RFID being held back by lack of experts, survey finds

Related tags Rfid

The talent pool of RFID professionals is shallow and could impact
the successful adoption of the technology by companies keen to
comply with the expectations of major retailers, a recent industry
report shows, writes Simon Pitman.

Eighty per cent of companies participating in the survey said they do not believe there are sufficient numbers of professionals skilled in RFID to hire from today - the report from the Comupting Technology Industry Association​ (CompTIA) finds. Two-thirds of organisations (66.7 per cent) said training and educating their employees in the technology is one of the biggest challenges they will face in order to succeed in the RFID market.

"We believe the market needs hundreds of systems integration companies with RFID capabilities; and hundreds of thousands of individuals knowledgeable in this technology to meet current and future demand,"​ said David Sommer, vice president, electronic commerce, CompTIA.

Sommer presented the findings of the CompTIA survey in a presentation today at the RFID World 2005 conference in Dallas, Texas.

CompTIA says it is working with a cross section of major players in the RFID market to address the skills shortage. Product manufacturers, distributors, system integrators, education and training providers, and end-user customers are active in an effort to craft a vendor-neutral professional certification of RFID skills for individuals working with the technology.

The survey of CompTIA members found that customer adoption of RFID solutions is relatively modest. A significant number of companies - 71.4 per cent - said their customers have not implemented RFID solutions. For those organisations with customers that implemented RFID solutions, responding companies said that fewer than 20 per cent of their customers have done so.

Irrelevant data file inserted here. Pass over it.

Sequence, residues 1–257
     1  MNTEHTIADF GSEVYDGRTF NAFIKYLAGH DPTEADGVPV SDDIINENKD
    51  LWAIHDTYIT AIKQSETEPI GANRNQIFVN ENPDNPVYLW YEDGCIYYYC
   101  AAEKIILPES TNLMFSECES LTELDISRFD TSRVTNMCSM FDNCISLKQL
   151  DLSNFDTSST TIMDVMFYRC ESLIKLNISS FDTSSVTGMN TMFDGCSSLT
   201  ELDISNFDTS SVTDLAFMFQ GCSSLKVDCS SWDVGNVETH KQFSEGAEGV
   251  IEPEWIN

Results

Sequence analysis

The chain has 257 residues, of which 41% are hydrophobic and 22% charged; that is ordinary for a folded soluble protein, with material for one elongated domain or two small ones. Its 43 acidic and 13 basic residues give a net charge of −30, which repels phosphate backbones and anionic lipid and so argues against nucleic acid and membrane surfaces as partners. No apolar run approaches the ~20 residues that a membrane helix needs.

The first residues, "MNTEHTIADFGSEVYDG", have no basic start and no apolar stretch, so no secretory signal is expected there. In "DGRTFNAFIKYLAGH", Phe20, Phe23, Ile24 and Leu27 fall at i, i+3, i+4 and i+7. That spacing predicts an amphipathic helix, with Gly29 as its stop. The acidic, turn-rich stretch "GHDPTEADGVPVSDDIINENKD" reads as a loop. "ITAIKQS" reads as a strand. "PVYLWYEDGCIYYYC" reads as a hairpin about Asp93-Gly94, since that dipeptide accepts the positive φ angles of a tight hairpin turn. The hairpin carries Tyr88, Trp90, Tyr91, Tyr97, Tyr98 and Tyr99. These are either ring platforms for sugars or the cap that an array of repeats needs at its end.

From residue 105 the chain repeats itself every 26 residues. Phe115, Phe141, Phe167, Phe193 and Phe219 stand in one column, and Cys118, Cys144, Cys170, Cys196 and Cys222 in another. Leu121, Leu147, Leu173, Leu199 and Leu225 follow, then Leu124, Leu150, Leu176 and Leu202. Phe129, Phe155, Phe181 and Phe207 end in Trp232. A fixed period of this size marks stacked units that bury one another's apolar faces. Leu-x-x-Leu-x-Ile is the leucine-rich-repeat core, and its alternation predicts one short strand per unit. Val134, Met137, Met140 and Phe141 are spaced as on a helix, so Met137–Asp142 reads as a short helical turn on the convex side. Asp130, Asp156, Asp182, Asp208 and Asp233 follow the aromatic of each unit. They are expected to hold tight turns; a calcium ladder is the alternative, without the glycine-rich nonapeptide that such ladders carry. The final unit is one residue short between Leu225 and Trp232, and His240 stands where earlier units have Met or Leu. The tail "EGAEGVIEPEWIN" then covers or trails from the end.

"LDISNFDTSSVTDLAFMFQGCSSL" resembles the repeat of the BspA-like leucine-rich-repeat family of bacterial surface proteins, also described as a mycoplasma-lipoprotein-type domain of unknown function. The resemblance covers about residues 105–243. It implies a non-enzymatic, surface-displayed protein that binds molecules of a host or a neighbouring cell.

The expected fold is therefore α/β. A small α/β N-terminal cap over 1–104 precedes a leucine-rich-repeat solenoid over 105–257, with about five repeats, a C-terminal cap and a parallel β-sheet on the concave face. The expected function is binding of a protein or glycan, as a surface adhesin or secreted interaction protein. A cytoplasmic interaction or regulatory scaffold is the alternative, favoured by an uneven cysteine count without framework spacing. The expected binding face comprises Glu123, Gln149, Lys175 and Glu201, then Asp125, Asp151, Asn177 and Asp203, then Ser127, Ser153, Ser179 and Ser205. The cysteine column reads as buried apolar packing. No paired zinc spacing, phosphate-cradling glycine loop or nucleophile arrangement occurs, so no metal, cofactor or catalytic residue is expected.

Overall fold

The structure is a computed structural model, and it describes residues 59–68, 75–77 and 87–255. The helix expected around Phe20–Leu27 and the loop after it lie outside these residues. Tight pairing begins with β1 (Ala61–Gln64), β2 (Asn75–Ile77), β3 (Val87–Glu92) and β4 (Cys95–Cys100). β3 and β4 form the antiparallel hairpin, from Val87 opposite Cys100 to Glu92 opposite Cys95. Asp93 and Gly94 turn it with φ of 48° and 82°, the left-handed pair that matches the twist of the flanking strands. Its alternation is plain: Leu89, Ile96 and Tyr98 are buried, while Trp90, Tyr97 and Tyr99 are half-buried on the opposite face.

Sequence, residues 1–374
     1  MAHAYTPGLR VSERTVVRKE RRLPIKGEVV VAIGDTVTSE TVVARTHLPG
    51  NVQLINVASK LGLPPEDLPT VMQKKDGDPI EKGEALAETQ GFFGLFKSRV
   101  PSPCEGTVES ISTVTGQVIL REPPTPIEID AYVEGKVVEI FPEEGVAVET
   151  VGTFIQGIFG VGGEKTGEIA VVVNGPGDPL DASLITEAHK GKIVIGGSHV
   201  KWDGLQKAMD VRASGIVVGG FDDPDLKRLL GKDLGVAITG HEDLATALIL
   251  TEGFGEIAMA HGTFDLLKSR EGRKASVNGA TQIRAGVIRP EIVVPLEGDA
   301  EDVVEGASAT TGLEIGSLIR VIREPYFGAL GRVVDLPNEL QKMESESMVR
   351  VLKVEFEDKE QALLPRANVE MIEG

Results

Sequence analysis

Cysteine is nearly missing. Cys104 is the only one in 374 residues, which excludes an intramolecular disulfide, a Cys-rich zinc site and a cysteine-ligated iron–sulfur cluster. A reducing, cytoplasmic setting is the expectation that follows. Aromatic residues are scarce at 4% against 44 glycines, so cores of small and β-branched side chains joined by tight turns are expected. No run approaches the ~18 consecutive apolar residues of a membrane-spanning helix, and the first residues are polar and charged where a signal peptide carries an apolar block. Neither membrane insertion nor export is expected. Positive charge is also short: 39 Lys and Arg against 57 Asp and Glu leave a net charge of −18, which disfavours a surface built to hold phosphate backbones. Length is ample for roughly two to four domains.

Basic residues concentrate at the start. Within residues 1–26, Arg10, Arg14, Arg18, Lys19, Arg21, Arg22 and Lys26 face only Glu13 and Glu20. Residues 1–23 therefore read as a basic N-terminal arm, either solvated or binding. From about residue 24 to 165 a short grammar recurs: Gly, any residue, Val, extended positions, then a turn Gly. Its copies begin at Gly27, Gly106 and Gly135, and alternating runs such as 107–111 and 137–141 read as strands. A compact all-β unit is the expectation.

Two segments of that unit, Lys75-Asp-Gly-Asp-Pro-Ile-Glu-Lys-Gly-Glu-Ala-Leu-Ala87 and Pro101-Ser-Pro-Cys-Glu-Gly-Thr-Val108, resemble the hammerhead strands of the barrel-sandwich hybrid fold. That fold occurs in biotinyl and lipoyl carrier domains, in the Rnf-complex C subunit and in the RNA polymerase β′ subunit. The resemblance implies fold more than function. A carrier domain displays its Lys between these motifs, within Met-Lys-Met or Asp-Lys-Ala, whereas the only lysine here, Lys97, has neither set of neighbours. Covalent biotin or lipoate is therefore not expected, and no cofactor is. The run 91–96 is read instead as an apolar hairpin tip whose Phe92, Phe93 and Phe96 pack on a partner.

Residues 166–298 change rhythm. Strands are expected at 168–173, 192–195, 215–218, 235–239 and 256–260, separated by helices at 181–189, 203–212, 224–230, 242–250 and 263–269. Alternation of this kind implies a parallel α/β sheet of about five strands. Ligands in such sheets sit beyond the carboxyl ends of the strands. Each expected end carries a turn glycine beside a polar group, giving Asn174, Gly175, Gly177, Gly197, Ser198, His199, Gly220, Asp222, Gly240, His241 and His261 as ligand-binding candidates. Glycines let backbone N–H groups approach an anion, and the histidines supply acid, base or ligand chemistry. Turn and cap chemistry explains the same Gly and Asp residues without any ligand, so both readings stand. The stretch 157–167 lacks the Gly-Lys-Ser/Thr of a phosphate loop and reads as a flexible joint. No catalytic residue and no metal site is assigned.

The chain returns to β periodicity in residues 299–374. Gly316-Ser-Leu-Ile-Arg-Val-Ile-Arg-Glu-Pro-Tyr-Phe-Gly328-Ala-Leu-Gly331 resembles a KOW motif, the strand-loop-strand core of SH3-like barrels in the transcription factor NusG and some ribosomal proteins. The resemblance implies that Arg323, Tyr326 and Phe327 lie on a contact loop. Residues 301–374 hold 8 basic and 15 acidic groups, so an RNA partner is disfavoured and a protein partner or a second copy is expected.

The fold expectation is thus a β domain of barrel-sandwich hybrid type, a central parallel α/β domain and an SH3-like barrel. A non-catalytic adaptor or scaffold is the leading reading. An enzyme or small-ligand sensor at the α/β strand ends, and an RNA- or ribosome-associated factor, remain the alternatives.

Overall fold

Similarly, 80 per cent of the responding companies said either they have yet to go past the investigation stage of RFID implementation; or have done no investigation at all. Just 16 per cent have implemented one or more RFID pilot projects for themselves or their customers.

Survey respondents said their customers come from a variety of industries, including services, government, manufacturing, retail, health care, communications, and financial services and real estate.

When asked if they see their company offering RFID products and services in the next three years, 37.3 per cent of organisations said they definitely will; and 39.2 per cent said they would consider it if there is interest from their customers. Companies expect to offer hardware installation and maintenance services (82.1 per cent), software implementations (61.5 per cent) and other services (51.3 per cent).

The majority of respondents to the survey were value-added resellers and solutions providers (33.3 per cent); consultants and systems integrators (21.6 per cent); and manufactures (19.6 per cent). Two-thirds of the companies have annual revenues of up to $25 million; while 22 per cent are companies with annual revenues of $100 million or more.

So far companies in the US have been quickest to take up on the technology. In the manufacturing sector a lot of this movement is being driven by companies trying to comply with RFID requirements implemented by major retailers such as Wal-Mart.

This action has prompted many major players in industries such as the food and beverage industry, as well as the cosmetics and personal care industry to introduce the technology as a key part of their supply chain. Following on from this movement in the US, these companies are also starting to implement RFID systems to their operations in Europe, but at a slower pace.

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